courtesy of Media Matters.
This afternoon on CNN, Bob Novak did a farewell interview with Wolf Blitzer to commemorate the end of his 25-year career with the network (before he heads over to the more comfortable surroundings of Fox News). In the interview, Novak revealed that he had better pre-war intel sources on Iraq than President Bush did:
NOVAK: I said several times on this network that there were no weapons of mass destruction in Iraq.
BLITZER: How did you know that and the President of the United States, Vice President of the United States were convinced that there were?
NOVAK: Because my sources. I don’t run my own CIA. My sources didn’t think there were — in the military, people I trusted. And the indication of the inspectors indicated there was no weapons.
Where was the leak when we really needed it?
UPDATE: Crooks & Liars has the video.
On September 17, 2001, President Bush visited the Islamic Center of Washington, D.C., to declare that Muslims “share the same values of respect and dignity and human worth. … They love America just as much as I do.” But the actions Bush took in the days shortly after 9/11 sent a clear signal that his administration viewed those who stood with him in the Islamic Center as national security threats, not as individuals who shared American values.
U.S. News revealed that, in the days after 9/11, Bush ordered that “over a hundred Muslim sites in the Washington, D.C., area, including mosques” be secretly monitored for radiation levels without warrants or court orders.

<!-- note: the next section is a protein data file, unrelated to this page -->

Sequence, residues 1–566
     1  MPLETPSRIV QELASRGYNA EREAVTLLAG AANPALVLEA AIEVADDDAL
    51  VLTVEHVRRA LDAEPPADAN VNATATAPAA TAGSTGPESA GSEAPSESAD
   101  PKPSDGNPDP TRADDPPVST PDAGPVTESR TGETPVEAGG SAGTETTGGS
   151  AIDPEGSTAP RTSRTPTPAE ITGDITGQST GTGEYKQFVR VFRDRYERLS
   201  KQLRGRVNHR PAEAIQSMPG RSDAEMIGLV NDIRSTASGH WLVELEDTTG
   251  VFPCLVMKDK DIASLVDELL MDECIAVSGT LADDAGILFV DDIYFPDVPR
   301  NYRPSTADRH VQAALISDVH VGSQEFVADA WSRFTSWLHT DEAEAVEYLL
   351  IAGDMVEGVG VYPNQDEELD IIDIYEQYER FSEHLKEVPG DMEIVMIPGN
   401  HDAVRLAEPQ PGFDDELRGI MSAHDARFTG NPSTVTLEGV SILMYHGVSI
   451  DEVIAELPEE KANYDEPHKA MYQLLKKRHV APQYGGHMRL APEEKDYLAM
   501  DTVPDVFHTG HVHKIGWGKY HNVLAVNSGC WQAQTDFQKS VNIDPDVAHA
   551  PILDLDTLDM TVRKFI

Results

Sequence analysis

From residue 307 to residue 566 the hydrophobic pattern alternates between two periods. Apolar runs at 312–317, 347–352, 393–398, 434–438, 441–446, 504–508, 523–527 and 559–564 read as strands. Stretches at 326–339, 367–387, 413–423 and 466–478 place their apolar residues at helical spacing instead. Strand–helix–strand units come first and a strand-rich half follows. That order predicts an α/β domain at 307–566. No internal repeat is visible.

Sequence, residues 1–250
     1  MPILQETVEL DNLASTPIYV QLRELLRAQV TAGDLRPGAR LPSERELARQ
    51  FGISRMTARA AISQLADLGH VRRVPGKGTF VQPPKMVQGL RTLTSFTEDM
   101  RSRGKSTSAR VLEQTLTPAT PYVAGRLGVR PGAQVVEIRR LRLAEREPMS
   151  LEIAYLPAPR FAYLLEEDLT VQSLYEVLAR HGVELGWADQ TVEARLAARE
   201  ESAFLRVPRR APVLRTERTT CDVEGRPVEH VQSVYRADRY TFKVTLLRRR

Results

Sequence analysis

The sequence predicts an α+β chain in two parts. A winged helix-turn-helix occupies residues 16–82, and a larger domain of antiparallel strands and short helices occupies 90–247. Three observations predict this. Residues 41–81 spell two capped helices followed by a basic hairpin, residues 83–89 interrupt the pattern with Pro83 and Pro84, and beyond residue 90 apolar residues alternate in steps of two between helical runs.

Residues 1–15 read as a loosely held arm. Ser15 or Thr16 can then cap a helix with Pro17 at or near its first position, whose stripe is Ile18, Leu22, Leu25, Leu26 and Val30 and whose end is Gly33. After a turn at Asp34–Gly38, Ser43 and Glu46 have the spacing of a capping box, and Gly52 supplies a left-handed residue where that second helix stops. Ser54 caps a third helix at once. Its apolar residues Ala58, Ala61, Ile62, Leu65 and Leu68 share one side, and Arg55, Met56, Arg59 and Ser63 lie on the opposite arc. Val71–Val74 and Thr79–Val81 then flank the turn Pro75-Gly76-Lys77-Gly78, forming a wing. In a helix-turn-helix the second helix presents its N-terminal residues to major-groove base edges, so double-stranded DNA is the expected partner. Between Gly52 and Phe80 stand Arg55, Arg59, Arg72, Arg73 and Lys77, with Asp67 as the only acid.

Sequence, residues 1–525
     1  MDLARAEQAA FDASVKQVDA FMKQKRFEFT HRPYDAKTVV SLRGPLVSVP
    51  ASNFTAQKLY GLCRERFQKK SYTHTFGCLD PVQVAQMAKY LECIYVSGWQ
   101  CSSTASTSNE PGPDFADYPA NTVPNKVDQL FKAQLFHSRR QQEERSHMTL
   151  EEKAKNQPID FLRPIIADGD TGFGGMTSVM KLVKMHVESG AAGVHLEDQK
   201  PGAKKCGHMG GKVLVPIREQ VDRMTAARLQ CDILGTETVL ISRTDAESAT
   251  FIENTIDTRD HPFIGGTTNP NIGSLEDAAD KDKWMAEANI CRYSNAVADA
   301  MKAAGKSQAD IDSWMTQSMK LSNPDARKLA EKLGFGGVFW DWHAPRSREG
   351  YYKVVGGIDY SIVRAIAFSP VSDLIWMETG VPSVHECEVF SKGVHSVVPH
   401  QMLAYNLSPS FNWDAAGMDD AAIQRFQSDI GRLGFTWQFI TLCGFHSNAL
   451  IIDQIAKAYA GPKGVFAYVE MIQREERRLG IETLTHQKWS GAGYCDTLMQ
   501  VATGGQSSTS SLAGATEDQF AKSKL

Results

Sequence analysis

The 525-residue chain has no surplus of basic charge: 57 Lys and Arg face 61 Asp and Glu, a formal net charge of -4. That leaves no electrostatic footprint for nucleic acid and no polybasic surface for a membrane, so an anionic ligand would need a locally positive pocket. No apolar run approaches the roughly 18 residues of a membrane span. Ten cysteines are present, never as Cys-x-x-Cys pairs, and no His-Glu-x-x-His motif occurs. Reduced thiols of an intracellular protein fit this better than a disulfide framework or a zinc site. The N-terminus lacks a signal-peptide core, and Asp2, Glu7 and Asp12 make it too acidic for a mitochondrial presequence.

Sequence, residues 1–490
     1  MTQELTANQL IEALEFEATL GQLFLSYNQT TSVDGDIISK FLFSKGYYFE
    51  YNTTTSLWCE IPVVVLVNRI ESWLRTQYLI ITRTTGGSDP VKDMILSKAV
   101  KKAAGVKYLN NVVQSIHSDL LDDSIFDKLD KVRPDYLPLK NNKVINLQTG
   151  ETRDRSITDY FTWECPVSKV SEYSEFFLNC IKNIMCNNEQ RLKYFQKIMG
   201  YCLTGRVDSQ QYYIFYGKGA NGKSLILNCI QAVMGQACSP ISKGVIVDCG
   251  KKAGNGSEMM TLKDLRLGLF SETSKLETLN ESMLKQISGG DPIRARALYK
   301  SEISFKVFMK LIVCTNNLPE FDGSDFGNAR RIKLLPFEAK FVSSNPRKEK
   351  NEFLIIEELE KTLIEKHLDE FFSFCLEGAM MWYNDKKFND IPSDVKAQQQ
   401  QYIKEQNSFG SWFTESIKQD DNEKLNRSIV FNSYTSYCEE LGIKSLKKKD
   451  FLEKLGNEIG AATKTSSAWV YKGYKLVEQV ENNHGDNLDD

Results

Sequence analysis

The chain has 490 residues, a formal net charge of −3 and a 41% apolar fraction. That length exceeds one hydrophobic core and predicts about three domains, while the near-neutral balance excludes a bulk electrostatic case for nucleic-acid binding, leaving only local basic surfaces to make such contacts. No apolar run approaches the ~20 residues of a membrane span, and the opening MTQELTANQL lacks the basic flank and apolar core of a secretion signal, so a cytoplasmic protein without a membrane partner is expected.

Reacting to the story, the right-wing blog Real Clear Politics posted the following misguided commentary:
This is insane. Can we not settle the legality of these types of programs in private? … As with the NSA case, the leakers should be rounded up and prosecuted to the full extent of the law.
In fact, federal officials involved with the program did try to settle the issue of the program’s legality in private, but the Bush administration (as it typically does) resorted to fear and intimidation to stifle dissent. Here’s what U.S. News reported:
Two individuals, who declined to be named because the program is highly classified, spoke to U.S. News because of their concerns about the legality of the program. … “A lot of us thought it was questionable, but people who complained nearly lost their jobs. We were told it was perfectly legal.”
The right-wing anger here is misdirected. It is the Bush administration that took actions contrary to the law and has thus made this an issue. In fact, the whistleblowers and U.S. News were careful to omit “sensitive methods” that would compromise the procedural operations of the program.
It’s also ironic that Real Clear Politics now wants to employ the power of the law to round up and prosecute leakers — unless of course the leaker is the deputy White House chief of staff and the substance of the leak involves an undercover CIA agent’s identity.
“be immune from being sued on claims of ordering illegal wiretaps.”